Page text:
Make your own indoor container water garden
Create your own indoor landscape with a container water garden. It's easy and will add beauty to your home.
Photo Credit: Joy Powers
Even if you live in a small space, you can bring the outdoors into your home with a container water garden. Water gardens are fun to create and easy to maintain. All you need is a little ingenuity, the right plants, and the proper environment.
First, determine what kind of container garden you would like to create. Do you want floating plants or those that are rooted in soil? Do you have enough room for both types? If your unit is large enough, you may also wish to add fish and the equipment needed to care for them.
Container selection comes next. Just about any object will work as long as it holds water. If you decide to use a ceramic pot, make sure the inside is glazed. If it is unglazed and you still want to use it, apply a water sealant and let it dry. Avoid metals such as copper and brass, which will corrode in a fertilizer-rich environment. If you do have a decorative pot such as this, however, consider setting up the water garden in a nondescript container and placing it inside. For extra protection, you can provide a durable plastic liner. Then fill in the space between containers with decorative gravel. Other container ideas include aquariums, fish bowls, and concrete planters. Even a group of odd-sized glassware can be set up with small floating plants. If you decide to use any type of concrete holder, leach the lime out first: fill with water; change daily for ten days, and it should be ready for planting.
Plant selection requires a little research. You can choose plants that require soil, can root in gravel, or those that float.
The two categories of soil plants are:
-emergent plants, such as arrowhead, are those that grow above the water's surface
-submerge plants are those that bear leaves below the surface level.
A third category, called floaters, includes plants such as water lettuce and water hyacinth. Tropical or warm water, plants require a constant heat source while coldwater plants are better suited to an environment that remains above 50 degrees F.
Consult with a specialist at the store where you purchase the plants. Make sure you are selecting "like" plants - those that have the same needs and characteristics. For instance, some water-loving plants thrive on sunshine and others prefer shade. Include plants that help oxygenate the water, such as anacharis, which is also an easy beginner's plant.
Another consideration is the plants' height requirements. Some types may need to be placed on a hidden riser to reach the water's surface. Different foliage levels also create variety. Some plants do not require soil, but will root in gravel. Keep these plants in a separate, small pot filled with gravel. Bury these containers in the soil.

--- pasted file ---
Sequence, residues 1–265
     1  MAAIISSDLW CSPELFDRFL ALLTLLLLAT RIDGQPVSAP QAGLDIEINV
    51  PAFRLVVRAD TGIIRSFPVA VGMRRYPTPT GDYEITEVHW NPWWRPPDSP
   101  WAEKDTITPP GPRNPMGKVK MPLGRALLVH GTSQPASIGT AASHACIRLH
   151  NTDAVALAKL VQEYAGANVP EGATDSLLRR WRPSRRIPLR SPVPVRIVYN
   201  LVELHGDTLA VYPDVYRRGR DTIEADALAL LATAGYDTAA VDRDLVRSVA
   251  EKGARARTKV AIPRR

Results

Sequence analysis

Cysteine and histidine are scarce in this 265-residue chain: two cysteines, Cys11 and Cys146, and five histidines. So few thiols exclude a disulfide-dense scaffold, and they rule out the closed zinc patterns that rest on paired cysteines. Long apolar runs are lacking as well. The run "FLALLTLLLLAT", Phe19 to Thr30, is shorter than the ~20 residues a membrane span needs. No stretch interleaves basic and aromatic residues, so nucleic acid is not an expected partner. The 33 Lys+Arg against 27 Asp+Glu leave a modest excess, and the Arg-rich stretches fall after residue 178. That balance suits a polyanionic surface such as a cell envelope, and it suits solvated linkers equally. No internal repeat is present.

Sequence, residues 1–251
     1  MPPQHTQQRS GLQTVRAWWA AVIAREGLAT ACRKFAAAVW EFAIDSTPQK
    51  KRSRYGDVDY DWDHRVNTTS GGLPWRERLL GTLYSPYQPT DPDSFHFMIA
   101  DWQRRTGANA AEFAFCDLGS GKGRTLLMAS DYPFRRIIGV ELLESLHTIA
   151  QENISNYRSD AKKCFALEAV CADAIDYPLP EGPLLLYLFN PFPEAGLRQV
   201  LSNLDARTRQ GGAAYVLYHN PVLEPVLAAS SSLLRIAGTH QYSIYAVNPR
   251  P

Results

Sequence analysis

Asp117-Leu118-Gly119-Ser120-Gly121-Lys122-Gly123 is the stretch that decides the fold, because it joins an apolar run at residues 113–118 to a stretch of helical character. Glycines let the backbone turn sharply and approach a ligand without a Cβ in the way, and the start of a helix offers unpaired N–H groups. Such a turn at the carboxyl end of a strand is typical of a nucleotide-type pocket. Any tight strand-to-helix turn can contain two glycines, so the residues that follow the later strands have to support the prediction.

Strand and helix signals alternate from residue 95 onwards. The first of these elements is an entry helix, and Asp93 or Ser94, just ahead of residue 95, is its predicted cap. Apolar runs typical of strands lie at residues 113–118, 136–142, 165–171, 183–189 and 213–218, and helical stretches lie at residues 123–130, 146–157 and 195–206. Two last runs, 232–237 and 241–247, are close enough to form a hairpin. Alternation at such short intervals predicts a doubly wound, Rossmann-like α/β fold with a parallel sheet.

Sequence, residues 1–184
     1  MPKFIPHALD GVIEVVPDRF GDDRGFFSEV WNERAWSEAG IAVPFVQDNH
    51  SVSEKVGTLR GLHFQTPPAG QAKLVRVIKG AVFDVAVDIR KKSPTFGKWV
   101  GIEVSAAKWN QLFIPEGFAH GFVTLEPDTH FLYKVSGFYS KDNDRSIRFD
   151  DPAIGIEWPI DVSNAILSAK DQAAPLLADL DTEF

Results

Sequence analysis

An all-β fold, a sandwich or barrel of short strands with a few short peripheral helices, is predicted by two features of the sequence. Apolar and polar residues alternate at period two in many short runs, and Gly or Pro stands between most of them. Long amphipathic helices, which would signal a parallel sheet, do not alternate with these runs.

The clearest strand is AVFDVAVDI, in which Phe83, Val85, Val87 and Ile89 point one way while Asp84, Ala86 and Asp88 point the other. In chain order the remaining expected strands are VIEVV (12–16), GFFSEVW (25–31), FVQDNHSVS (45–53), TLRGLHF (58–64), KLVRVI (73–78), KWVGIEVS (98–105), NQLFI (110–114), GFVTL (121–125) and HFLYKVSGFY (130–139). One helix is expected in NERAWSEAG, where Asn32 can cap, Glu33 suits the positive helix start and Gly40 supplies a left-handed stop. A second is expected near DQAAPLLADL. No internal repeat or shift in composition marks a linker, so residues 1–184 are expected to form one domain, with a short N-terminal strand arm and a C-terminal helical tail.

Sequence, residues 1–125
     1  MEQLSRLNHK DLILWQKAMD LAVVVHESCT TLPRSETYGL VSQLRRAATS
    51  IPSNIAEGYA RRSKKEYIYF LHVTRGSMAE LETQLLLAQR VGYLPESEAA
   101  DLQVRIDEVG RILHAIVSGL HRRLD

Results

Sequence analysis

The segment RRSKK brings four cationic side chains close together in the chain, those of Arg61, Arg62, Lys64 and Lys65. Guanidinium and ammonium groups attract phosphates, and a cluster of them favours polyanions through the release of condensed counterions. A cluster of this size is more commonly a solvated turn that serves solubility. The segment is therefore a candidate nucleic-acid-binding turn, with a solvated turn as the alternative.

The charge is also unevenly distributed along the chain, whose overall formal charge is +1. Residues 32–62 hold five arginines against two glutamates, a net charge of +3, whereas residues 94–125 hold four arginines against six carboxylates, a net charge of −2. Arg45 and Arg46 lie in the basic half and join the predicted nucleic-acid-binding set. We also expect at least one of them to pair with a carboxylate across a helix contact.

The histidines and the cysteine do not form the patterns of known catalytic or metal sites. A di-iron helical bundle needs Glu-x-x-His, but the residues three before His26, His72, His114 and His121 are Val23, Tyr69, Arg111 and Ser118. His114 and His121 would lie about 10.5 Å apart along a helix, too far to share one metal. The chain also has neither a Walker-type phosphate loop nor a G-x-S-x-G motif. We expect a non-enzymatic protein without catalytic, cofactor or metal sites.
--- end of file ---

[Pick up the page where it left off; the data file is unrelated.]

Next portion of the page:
In clear containers, you can still have attractive, soil-based plants. In this case, they would remain in containers hidden with layers of decorative gravel.
Aquatic plants need a good source of nutrients and fertilization is necessary for the health of your plants. In the wild, they grow in river or pond bottoms or other water sources that meet those needs. However, those same ingredients can also make for unpleasant odors and a gooey mess in your home. One recommended base recipe is three parts soil to one part sand. Wash the sand and add a top layer of aquarium gravel, if you wish. This will help keep the soil from muddying the water. Include a small piece of charcoal to help with purification. Add larger stones and pieces of wood for decor, but wash them first.
Any water-soluble plant food should work, but use it at a lesser strength; about one-quarter of the manufacturer's recommendations. Check with your plant expert for special foods and additives.
At some point, algae bloom will probably appear. Sunlight encourages growth and dark containers prohibit algae to some extent. This is a natural occurrence. Algae growth will often peak and then die off. You may want to add shade plants to keep sunlight from penetrating the water.
Purify the water before adding it to your garden. Let it stand for a day or add a purification tablet. Add your plants to the soil base and then pour in the water slowly to avoid disrupting the dirt.
Lighting is an important aspect of successful container gardening if you have chosen plants that need sun. Invest in a grow light and plan to leave it on about 14 hours each day.
Some water garden plants grow slowly while others burst forth and try to take over the container. Never plant these fast-growing species outdoors as they will quickly become a nuisance.
Indoor container water gardens require a minimal investment in time. In return, you will enjoy outdoor delights in your home all year long.